failed to correct such an injustice, what sort of people would have
remained callous toward the canecutter who had worked for 30 years and
received a pension of 7 pesos per month.

I do not believe there exists a single Cuban who has the slightest doubt
that the effort that has been made to insure the people's health-a tragedy
experienced by millions of persons in this country, families who saw
thousands, tens of thousands, and hundreds of thousands of their sons die
and who could be calculated mathematically, I do not believe there is
anyone, much less anyone who has had an opportunity to see the interior of
the country, who has the slightest doubt of the absolute necessity for the
medical services instituted by the revolution at the cost of any sacrifice,
and if there are some who think about risk and if there are some who speak
about this, it is precisely to ask for a polyclinic with so many beds, or
for a doctor in the factory or in the village, or for at least someone on
watch during the night. I must be said that there are still thousands of
our workers who work in the merchant marine and who cross the oceans of the
world, or the thousands upon thousands who fish in our fishing fleet, but
only in a very few of those ships have we been able to provide a doctor who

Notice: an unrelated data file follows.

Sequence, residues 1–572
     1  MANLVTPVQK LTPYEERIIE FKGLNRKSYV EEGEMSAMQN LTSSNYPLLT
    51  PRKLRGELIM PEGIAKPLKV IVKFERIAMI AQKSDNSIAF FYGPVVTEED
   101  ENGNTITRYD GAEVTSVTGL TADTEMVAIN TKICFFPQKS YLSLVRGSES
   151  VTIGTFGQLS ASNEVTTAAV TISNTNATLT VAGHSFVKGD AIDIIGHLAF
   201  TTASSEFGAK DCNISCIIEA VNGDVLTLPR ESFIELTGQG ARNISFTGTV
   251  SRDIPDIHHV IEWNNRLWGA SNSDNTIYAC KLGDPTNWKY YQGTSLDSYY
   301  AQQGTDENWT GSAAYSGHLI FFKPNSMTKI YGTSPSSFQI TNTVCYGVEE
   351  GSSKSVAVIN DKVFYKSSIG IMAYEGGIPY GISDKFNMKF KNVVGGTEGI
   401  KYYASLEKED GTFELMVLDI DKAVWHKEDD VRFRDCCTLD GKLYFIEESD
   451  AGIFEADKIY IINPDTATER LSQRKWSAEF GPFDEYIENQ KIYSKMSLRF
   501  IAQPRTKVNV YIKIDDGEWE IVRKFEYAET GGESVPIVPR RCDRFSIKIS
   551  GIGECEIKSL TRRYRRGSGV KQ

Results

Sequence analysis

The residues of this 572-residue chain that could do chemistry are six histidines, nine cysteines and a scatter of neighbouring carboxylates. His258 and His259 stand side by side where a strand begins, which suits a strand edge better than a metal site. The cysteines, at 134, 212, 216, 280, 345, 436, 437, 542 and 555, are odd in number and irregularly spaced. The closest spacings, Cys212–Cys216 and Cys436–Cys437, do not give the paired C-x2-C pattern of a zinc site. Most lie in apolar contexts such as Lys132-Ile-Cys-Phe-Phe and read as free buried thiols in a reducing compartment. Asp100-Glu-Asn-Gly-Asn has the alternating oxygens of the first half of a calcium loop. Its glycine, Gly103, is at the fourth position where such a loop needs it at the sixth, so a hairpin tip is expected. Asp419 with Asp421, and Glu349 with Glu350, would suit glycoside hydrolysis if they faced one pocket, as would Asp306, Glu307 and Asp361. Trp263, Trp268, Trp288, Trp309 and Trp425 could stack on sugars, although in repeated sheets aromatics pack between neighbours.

could save a life in case of an accident or urgent illness. If there is
something we an say, it is that there are not enough.

WE do not believe that there is a single Cuban who doubts the need to pull
this nation out of illiteracy and semi-illiteracy, because if 30 percent of
the population was illiterate, 95 percent was semi-illiterate. We are
paying for the illiteracy and semi-illiteracy and will continue to pay for
it for many years to come. We recognize it and continually have the
opportunity to observe it, such as in factory management positions and
among those heading many activities we find comrades who act in good faith
in many instances but whose scholastic level is not above the 6th grade.

There are citizens who talk to us about education--we have not yet met
anyone who would say that we should do less in education, give fewer
scholarships, create fewer teaching posts, build fewer schools--because we
find throughout the country thousands of people saying: "That school is
small. There is not enough room. A bigger one should be built. There is
need for double sessions.

A workers' cafeteria is needed." Thousands and thousands say that they need
more and better teachers, more books, more papers, and more school
material. There are towns which want high schools and preuniversity